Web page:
Re: first party resource

On Apr 10, 2012, at 11:58 PM, Nicholas Doty wrote:
> On Apr 10, 2012, at 5:00 PM, Roy T. Fielding wrote:
>> I am unsatisfied by all of the first-party definitions because I don't consider
>> them to be implementable (e.g., neither "can infer with high probability that the
>> user knowingly and intentionally" nor "the party that owns the Web site or has
>> control over the Web site" can be determined programmatically).
> Is there some reason that this specification can only be implemented if a user agent can determine programmatically the breadth of a first-party?

One of the use cases described is a user agent that colors elements
based on indicated compliance.  I would expect that to include
first/third party distinctions, since the compliance expectations
are so different.

> Your 5-step list also seems to include non-programmatically-determinable definitions ("share sufficient context ... such that the user has a reasonable expectation that data ... might be shared or combined").

Those are for compliance.

> Is your concern just that based on whatever definition of first-party we decide on, parties should assert their claims about their own breadth in the machine-readable tracking status resource? (That sounds like a laudable aim to me, and much what we had in mind for the dnt-sites list proposal from Brussels.)

Yes, having both a broad allowance for affiliates and a listing
of those specific domains considered first-party will satisfy the desire
to limit the scope of first party without trying to define that scope
in some universal legal way that might apply to all possible business
models or site branding.

>> I suggest that we simply state:
>> 1) A first-party resource is a resource that has been designed for direct
>>    interaction with a user.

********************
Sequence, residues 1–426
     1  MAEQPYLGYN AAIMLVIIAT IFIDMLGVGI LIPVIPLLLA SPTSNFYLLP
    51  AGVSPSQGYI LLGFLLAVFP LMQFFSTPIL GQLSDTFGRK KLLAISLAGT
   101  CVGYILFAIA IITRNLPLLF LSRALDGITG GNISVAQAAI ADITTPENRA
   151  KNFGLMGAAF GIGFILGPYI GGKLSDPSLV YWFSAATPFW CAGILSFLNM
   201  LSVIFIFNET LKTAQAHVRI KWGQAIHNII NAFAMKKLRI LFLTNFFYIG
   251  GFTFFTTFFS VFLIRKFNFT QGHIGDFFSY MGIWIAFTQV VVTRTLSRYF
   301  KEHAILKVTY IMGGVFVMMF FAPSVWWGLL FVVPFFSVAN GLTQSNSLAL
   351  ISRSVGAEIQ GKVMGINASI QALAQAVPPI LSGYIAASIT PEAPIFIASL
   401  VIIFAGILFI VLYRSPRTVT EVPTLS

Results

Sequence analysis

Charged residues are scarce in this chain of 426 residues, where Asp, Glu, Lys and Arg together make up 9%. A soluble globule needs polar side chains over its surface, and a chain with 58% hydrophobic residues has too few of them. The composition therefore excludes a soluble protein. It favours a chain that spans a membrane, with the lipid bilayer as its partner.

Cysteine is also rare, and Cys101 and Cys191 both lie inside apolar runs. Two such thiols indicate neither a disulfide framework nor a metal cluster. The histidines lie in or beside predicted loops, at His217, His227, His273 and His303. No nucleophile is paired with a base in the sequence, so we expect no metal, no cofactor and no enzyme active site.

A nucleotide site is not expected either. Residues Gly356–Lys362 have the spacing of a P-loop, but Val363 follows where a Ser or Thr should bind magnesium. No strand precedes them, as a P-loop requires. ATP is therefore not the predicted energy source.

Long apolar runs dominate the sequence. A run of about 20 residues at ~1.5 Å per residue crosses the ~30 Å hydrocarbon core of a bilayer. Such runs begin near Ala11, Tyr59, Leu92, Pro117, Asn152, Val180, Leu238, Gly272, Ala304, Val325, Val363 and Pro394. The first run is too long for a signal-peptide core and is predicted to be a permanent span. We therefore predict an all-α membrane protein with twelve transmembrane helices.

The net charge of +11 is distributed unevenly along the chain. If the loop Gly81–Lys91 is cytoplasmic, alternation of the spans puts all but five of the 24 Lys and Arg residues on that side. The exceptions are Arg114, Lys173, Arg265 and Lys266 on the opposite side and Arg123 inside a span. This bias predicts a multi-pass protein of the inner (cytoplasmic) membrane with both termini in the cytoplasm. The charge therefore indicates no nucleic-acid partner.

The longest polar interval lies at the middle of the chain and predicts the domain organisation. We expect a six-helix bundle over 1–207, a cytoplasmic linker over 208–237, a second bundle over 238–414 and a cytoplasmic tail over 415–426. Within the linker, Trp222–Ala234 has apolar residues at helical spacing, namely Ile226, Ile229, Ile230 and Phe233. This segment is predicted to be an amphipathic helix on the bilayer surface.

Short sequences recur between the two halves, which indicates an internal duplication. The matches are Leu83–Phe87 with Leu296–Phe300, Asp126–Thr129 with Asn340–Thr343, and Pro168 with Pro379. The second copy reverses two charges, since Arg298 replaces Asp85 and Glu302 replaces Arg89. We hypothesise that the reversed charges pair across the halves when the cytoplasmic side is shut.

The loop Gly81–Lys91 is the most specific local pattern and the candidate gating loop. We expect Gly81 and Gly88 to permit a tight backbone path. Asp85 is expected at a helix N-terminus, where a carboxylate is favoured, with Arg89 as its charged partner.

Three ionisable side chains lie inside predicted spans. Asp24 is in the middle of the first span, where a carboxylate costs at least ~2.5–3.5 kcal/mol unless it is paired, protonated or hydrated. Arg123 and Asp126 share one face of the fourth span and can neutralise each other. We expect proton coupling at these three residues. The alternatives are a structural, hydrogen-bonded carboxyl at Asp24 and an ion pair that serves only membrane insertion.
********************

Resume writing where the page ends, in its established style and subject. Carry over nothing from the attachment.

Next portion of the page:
> Is this more programmatically determinable or more reasonable than the "meaningful interaction" test in the Compliance Editor's Draft? (The "Discoverability" alternative also refers to widgets "with which a consumer interacts".)

Yes, it avoids the debate about user intentions or awareness, or misuse
of the resource by third-party portals, and instead makes it a factor of
how the resource owner designed and makes use of that resource.  In other
words, that doesn't have to be determined programmatically.  I should
have mentioned also that it assumes the resource owner is not designing
for first-party use while also encouraging third-party use of the same

> If a Facebook Like button embedded on a newspaper website has been designed for direct interaction with a user but hasn't yet been clicked, should it get first-party privileges to track the request that loaded it?

A button is a UI element, not a resource.  The Facebook Like button consists
of a dozen or so different resources, most constructed by javascript obtained
from another couple resources.  Only the resource designed for direct user
interaction (the click handler) would be first party for a button on some
site other than facebook's own properties.

>> 2) When a user interacts with a given first-party resource, all subrequests
>>    made to that first-party's domain or to any of the domains listed in the
>>    same-party array within the first-party's tracking status resource are
>>    also considered first-party resources; all other subrequests are considered
>>    third-party resources.
>> 3) The same-party array MUST be limited to domains that are owned or controlled
>>    by the same legal entity that owns or controls the first-party as well as
>>    domains that qualify as third parties acting on behalf of this first party.
>> 4) The same-party array SHOULD be limited to domains that share sufficient
>>    context with the first-party, such that the user has a reasonable expectation
>>    that data provided to any of these domains might be shared or combined with
>>    data provided to the other same-party domains.
> These sound to me like nice summaries of the affiliates and user expectations definitions, respectively. (With the notable difference that outsourcing parties seem to be defined as the same party in your text.) Are you proposing that first parties have a hard requirement to meet the affiliates rule and a soft suggestion to meet the user expectations rule?

SHOULD is not a soft suggestion. It is a requirement for which there might be
some exceptions, but only for a very good reason that we have not enumerated.

>> 5) Data provided to first-party resources is subject to first-party compliance
>>    requirements; data provided to third-party resources is subject to third-party
>>    compliance requirements.


Received on Wednesday, 11 April 2012 14:56:44 UTC